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Last updated 2/2/2022 at 3:42pm | View PDF

Jim Slonoff

Hayley Cashman said doing improv has opened her mind to the multiple paths a scene can take based on each person's contributions. "It's a cool creative exercise," she said. "It allows for a lot of possibilities." (Jim Slonoff photo)

What have you learned about performing improv?

Improv actors have to be quick on their feet and possess at least a working knowledge across a broad range of topics.

But occasionally they're stumped, like Hinsdale Central junior Hayley Cashman was while rehearsing for the school's ComedySportz Improv Show that runs tonight through Feb. 5 (see Page 18 for details).

"We had to make puns about something, and the suggestion we had to make puns about was 'disc jockey,' " Cashman recounted. "No one knew what a disc jockey was!"

For another game, she mistakenly pantomined Olympic curling as a weightlifting event. But it's comedy, after all.

"When you do something confidently and it's wrong, it ends up being really funny," Cashman said. 'Whatever you think it is, you've just got to go with it."

Central drama partnered with famed Chicago improv house ComedySportz for the show.

"Someone who works at ComedySportz professionally sort of helps us with our rehearsals and emcees the show," she related.

The actors are split into teams, who compete through a series of different games. The material to animate those games is solicited from the audience by their shouted responses to questions like, "How did you get here today?" or "What's your favorite movie?"


"We can take that (suggestion) in any direction we want," she said. "And then whatever you partner says, you build the entire scene off that."

As a veteran of traditional theater productions, Cashman said doing away with weeks of memorizing lines and blocking assignments for an unscripted improve show felt like culture shock.

"It's a bit of a jarring experience," she remarked.

But she's come to appreciate the natural expression it promotes.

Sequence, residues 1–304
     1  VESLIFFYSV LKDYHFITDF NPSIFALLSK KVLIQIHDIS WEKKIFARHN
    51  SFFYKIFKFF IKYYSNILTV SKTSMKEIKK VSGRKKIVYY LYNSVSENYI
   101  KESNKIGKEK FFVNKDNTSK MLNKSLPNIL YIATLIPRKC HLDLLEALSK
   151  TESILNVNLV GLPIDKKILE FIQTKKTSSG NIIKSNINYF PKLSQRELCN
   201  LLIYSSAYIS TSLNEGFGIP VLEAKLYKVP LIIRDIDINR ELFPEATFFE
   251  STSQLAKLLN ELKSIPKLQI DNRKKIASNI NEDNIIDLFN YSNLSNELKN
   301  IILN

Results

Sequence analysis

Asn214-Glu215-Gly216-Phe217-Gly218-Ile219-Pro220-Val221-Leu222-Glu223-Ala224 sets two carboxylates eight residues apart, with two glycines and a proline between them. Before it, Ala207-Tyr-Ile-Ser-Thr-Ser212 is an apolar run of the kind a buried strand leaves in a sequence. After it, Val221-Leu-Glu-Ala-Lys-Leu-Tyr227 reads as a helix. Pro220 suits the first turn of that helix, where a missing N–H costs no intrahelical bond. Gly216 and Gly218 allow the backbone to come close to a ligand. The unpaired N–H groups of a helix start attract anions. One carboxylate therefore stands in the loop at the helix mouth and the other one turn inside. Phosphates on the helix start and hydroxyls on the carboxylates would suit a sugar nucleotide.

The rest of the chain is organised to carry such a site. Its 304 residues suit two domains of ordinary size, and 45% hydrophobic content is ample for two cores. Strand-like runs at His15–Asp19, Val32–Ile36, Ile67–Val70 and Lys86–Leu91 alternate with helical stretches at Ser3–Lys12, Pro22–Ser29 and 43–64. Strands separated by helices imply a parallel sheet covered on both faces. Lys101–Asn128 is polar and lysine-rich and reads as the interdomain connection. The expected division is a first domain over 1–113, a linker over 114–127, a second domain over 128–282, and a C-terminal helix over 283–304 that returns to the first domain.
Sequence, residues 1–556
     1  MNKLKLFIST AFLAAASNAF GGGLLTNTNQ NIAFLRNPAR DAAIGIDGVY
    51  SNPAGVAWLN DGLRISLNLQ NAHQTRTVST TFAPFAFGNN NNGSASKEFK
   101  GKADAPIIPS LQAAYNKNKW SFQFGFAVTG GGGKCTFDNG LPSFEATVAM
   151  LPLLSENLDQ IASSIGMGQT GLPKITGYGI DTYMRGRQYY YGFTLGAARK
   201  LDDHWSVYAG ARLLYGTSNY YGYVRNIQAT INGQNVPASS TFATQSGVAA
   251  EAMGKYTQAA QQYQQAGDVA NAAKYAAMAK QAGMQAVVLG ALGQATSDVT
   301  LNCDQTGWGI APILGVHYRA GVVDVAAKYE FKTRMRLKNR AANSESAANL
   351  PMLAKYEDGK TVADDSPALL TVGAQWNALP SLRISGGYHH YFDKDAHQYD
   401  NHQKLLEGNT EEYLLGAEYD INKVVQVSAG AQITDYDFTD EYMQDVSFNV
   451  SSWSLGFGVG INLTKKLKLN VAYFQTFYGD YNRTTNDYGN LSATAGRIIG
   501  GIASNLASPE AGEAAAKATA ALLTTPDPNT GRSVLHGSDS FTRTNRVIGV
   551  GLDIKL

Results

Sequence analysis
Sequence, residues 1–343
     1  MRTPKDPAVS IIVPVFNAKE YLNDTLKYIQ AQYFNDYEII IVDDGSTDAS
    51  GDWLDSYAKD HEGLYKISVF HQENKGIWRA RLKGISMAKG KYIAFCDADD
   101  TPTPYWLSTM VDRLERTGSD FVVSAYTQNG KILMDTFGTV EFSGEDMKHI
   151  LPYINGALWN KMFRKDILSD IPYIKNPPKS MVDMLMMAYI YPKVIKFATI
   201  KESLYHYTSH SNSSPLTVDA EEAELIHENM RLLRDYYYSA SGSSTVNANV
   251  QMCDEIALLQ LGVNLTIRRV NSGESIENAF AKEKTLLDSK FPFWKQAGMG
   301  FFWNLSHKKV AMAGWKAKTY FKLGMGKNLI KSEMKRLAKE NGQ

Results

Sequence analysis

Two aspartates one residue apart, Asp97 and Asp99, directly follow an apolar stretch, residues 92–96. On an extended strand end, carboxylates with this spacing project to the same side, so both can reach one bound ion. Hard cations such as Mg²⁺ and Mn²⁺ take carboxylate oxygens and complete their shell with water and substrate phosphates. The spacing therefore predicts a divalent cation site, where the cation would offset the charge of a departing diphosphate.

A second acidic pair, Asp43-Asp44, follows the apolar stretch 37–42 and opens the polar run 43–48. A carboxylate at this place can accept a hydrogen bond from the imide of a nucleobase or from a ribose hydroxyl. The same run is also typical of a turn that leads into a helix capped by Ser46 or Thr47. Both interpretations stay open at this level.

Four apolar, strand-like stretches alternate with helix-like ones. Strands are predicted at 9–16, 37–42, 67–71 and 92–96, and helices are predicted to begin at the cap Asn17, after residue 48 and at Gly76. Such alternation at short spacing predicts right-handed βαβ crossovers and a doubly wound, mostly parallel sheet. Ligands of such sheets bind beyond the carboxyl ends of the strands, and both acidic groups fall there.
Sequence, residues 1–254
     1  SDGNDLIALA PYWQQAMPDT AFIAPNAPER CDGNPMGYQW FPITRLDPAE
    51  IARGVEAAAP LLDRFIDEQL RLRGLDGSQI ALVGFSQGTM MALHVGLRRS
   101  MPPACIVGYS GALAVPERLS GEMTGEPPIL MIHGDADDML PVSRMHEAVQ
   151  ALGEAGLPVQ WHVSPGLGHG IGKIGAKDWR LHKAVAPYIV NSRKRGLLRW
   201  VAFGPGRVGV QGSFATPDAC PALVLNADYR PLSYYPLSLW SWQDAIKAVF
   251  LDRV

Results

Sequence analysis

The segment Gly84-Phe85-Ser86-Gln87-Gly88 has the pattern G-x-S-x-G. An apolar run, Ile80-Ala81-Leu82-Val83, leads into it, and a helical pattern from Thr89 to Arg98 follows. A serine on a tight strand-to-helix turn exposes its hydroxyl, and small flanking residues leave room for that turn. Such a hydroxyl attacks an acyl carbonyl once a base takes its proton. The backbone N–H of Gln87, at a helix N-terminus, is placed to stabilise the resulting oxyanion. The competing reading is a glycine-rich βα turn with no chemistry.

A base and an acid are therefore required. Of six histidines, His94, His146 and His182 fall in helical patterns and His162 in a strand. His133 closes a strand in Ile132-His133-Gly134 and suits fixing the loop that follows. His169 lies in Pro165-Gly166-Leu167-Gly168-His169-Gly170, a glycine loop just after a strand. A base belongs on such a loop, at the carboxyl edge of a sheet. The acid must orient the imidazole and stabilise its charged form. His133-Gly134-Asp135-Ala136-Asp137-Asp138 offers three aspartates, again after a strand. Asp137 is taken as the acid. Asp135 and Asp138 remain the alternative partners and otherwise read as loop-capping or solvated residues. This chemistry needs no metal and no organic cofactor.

"It's surprisingly not as hard as I thought it would be because you just use your creative mind, and whatever you come up with, you just say and make it work," she said. "You can't really do anything wrong."

Students in the troupe were instructed to bone up on current events to ensure topical and timely elements are incorporated. They are also strongly encouraged to employ over-the-top physicality in their performance.

"You pretend like it's normal and take it seriously, and it's really funny," Cashman said.

She serves as a leader among the cast, running warm-up exercises and keeping her peers on task

"Especially with this many people - I think there are 18 of us - it's really easy to get off track," she remarked.

"Since I've been on the stage her before, I know the ropes," Cashman continued. "Especially with a show like this, because there's no script, it's a little more nerve-wracking. Because I've done a show before, it sort of makes me more comfortable. I can help people out who don't know what it's like."


And one of the cardinal rules of improv: if you slip up, embrace it.

"Calling attention to the mistake is always much, much worse than actually making the mistake," Cashman said. "No matter how you get there, laughter is the main goal."

- by Ken Knutson

Author Bio

Ken Knutson is associate editor of The Hinsdalean

Email: [email protected]
Phone: 630-323-4422, ext 103

 
 

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